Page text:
A number of years ago, when I started to develop a workplace wellbeing plan, someone asked me ‘why?’ It was a good question, and a fair question, and it is one that many companies may be considering now as the subject of employee wellbeing gains prominence.
Why? What are the benefits of supporting employees to protect and maintain their wellbeing? Some may argue that it’s just a ‘nice to have’ which really doesn’t make a difference nor have a tangible impact. But I would disagree passionately – I believe there is a very powerful case for placing wellbeing at the heart of an organisation.
Not least because it can have a very real impact on sickness absence. Stress and mental health are in the top five causes of long-term absence¹. This costs companies hugely in many ways – in lost time, in productivity, in providing temporary cover, and in individual and team morale. And the longer that someone is absent, the likelihood of them returning diminishes. But what if companies took a proactive approach and tried to mitigate some of this absence by offering counselling, for example? Such an approach could stop someone who might be struggling from going off sick. And the upfront investment is minimal – around £35 – £55 per session which totals a few hundred pounds: long-term absence costs UK business £4.17billion a year². The same could apply for those with back pain or other musculoskeletal problems which prevent them from doing their role. Providing physiotherapy could help people get back to work quicker – which will also have a positive impact on the employee’s mental health.
Embedding wellbeing into an organisation empowers managers to have better conversations. If companies have a culture where it is not only safe but positively encouraged to talk about mental health issues, then managers and their direct reports will be able to chat honestly. So, the phone call coming in saying ‘I’ve got the flu’ because the employee daren’t share the truth will be replaced by pre-emptive conversation that ‘I’m struggling at the moment.’ The latter allows the manager to adjust and offer support which can help the employee at that point when they need it most – and this may stop them going off sick. Managers may need help to have these conversations, through workshops – such as the training offered by Bamboo Workplace Mental Health – as well as guidance about what tools they can access to support the employee.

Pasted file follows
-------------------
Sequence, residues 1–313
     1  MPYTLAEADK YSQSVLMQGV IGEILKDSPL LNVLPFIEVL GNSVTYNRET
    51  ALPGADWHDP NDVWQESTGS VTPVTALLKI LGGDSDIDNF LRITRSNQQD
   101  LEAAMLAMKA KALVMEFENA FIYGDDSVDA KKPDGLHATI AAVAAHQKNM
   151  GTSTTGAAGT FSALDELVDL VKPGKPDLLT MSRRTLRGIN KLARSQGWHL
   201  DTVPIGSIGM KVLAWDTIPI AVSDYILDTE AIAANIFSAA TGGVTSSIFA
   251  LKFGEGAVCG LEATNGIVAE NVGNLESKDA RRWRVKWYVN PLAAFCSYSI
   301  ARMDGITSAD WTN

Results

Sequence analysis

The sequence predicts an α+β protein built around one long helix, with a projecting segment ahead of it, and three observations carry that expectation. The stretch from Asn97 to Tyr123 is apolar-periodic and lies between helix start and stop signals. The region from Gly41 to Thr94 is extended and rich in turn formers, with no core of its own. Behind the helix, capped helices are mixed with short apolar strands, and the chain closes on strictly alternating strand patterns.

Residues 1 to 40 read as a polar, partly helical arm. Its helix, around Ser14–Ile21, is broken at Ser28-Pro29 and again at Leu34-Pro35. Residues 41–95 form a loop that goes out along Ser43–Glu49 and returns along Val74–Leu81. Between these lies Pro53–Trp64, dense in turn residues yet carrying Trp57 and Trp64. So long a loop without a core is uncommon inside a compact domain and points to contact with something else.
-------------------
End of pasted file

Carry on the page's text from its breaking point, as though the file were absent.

Having an effective wellbeing programme in place will also help employees to remain productive. According to the CIPD and Time to Change, people who are struggling with stress or their mental health say they have difficulty concentrating, will take longer to perform tasks, and will find it difficult to make decisions. Ultimately it will impact upon their ability to deliver their role. It may not always be obvious straightaway that a poorly performing employee is suffering and so managers must look out for dips in productivity as it could be a sign of an underlying issue.
And wellbeing helps to retain people. If employees feel that they are working for a caring company where their needs are understood and met, they are more likely to stay. It will help with attracting new employees too – after all, who wouldn’t want to work somewhere that is supportive, caring and where it’s ok to say, ‘I’m not ok?’
Workplace wellbeing is more than a one-off activity. It is a strategic and practical programme which impacts culturally. It needs to be led from the top, and leaders must role model behaviours that promote good wellbeing: it’s not good enough to say, ‘we don’t have an out of hours’ culture’ then email direct reports in the evening. It’s about supporting managers to have conversations around wellbeing, and giving them a practical toolkit they can use. It’s about training and development, such as Mental Health First Aid. It’s about communications, and making wellbeing part of the everyday dialogue. It’s about targeted activities and interventions which make a difference. And it’s about having the right HR policies and practices to truly embed wellbeing into the culture.
So the question isn’t ‘why’ to workplace wellbeing it’s ‘why not?’
For more information about ways to empower workplace wellbeing, I can be found at firstname.lastname@example.org or @engagepeopleco